From year to year, we have seen our test scores fluctuate. This is year three and they have not fluctuated, they have stayed at the bottom of the area.


The over all percentage of students meeting or exceeding standards in English and in Math increased from May of 2015 to May of 2016, and those overall percentages went back down to about the same 2015 levels this past May. The scores dropped below the 2015 levels. It should also be noted the there was a shift in who was tested in those years, 2015 to 2016.


This is not a surprise to our school staff. Consistent positive growth takes time, a district-wide focus on classroom instruction, having a great teacher in every classroom, and a concerted effort on the part of all members of our community. Zero growth over three years is not the same as consistent positive growth. It is zero growth.


If you break the data down by grade level and into different groups, we see that our English language learners are doing great in some areas and not as well in others. We see our African-American students outperforming African-American students in neighboring districts, and our English language learners greatly outperforming English language learners in neighboring districts but still not doing as well when compared to last year. The terms "great" and "greatly" are not the correct modifiers. Statewide, 13% of ELA students were proficient or above in English Language Arts and 12% in Mathematics. In Alameda County, the scores are the same in ELA and slightly higher in Math (13% and 15%). Emery’s scores are about the same in English and slightly higher in Math (12% ELA and 18% Math). This is not doing great. Nor did African-American students greatly outperform nearby districts. Emery was one or two percentage points above our neighbors in Oakland and Berkeley, that falls within the statistical error rate. Countywide, 26% of African-American students met the ELA standards and 16% met the Math standards compared to 20% ELA and 17% Math in Emery.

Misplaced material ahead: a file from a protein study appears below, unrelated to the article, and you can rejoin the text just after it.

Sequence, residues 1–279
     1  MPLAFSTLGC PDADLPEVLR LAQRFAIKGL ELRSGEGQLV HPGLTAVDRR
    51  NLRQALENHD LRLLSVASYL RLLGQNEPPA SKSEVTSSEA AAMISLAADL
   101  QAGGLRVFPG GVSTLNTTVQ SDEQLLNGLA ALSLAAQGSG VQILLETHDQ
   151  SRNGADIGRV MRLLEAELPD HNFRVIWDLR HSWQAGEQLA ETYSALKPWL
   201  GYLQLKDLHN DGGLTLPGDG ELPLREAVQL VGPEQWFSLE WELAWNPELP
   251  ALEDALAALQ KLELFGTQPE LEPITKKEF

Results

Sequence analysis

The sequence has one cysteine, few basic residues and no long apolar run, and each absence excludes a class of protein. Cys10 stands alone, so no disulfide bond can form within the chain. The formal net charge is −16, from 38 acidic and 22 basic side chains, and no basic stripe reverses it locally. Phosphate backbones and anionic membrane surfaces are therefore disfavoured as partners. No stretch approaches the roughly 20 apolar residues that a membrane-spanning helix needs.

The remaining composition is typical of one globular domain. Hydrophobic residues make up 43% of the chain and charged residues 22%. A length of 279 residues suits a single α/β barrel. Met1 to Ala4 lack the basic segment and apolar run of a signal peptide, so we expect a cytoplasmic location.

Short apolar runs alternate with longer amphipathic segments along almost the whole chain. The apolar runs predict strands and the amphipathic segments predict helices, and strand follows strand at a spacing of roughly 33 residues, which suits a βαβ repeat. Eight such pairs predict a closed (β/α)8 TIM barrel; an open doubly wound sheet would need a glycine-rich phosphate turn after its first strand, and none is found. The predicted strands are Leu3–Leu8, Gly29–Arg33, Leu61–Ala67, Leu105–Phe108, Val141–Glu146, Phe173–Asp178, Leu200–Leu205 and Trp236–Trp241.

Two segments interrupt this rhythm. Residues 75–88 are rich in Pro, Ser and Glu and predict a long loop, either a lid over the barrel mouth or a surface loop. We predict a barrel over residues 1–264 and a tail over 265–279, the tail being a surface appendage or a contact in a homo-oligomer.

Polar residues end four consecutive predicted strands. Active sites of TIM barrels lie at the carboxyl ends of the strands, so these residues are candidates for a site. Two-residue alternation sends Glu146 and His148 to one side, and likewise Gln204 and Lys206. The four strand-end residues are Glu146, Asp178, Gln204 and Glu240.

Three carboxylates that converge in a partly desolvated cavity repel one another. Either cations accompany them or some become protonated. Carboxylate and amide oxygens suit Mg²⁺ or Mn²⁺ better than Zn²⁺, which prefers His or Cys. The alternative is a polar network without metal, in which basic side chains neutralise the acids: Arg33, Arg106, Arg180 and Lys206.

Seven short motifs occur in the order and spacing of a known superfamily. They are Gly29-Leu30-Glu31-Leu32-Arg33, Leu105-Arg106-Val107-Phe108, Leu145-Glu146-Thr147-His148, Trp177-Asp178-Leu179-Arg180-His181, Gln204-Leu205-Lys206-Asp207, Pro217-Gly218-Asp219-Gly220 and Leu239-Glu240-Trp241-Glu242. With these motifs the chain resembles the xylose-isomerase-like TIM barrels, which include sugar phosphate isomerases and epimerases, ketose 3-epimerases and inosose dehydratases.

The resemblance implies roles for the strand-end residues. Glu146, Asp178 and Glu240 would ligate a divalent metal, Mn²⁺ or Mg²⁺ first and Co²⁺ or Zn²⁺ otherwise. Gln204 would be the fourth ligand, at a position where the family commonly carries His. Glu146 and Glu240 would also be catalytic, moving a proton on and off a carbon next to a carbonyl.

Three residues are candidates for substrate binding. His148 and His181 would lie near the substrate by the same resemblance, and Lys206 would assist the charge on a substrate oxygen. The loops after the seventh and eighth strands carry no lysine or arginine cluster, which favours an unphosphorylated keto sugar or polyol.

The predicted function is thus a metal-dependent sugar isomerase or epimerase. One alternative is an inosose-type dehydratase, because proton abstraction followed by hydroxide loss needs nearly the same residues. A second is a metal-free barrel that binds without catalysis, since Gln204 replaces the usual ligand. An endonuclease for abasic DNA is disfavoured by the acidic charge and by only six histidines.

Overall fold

As an organization, we have to face our challenges and recognize areas for improvement, while we continue to work to be the best we can be. After three years, zero growth is the best we can be?


We know that the quality of the teaching staff is critical in improving student achievement. We interviewed over 200 applicants in person last spring for seven teaching positions. Your process is to interview 30 candidates for each position? That seems inefficient. Industry standard is 3 to 5. To be extremely diligent, 10 should be more than adequate. If you are interviewing 30 candidates for each position, that is not something to brag about. At the elementary level, which most of these positions were, you could be seeing 60 candidates for the same job. This is a point of pride? Did you screen the same ratio, 30 to 1, of candidates to interview? It would be impressive if 6,000 teachers applied for the 7 positions. This reads like you did zero resume screening and just interviewed everyone.


If you measure the quality of our schools by the quality of our teachers in each and every individual classroom, then this year looks like it will be our strongest in the last four years. All the teachers that have left were not good teachers? Does this include the Yale Scholars that have left? The past Teachers of the Year?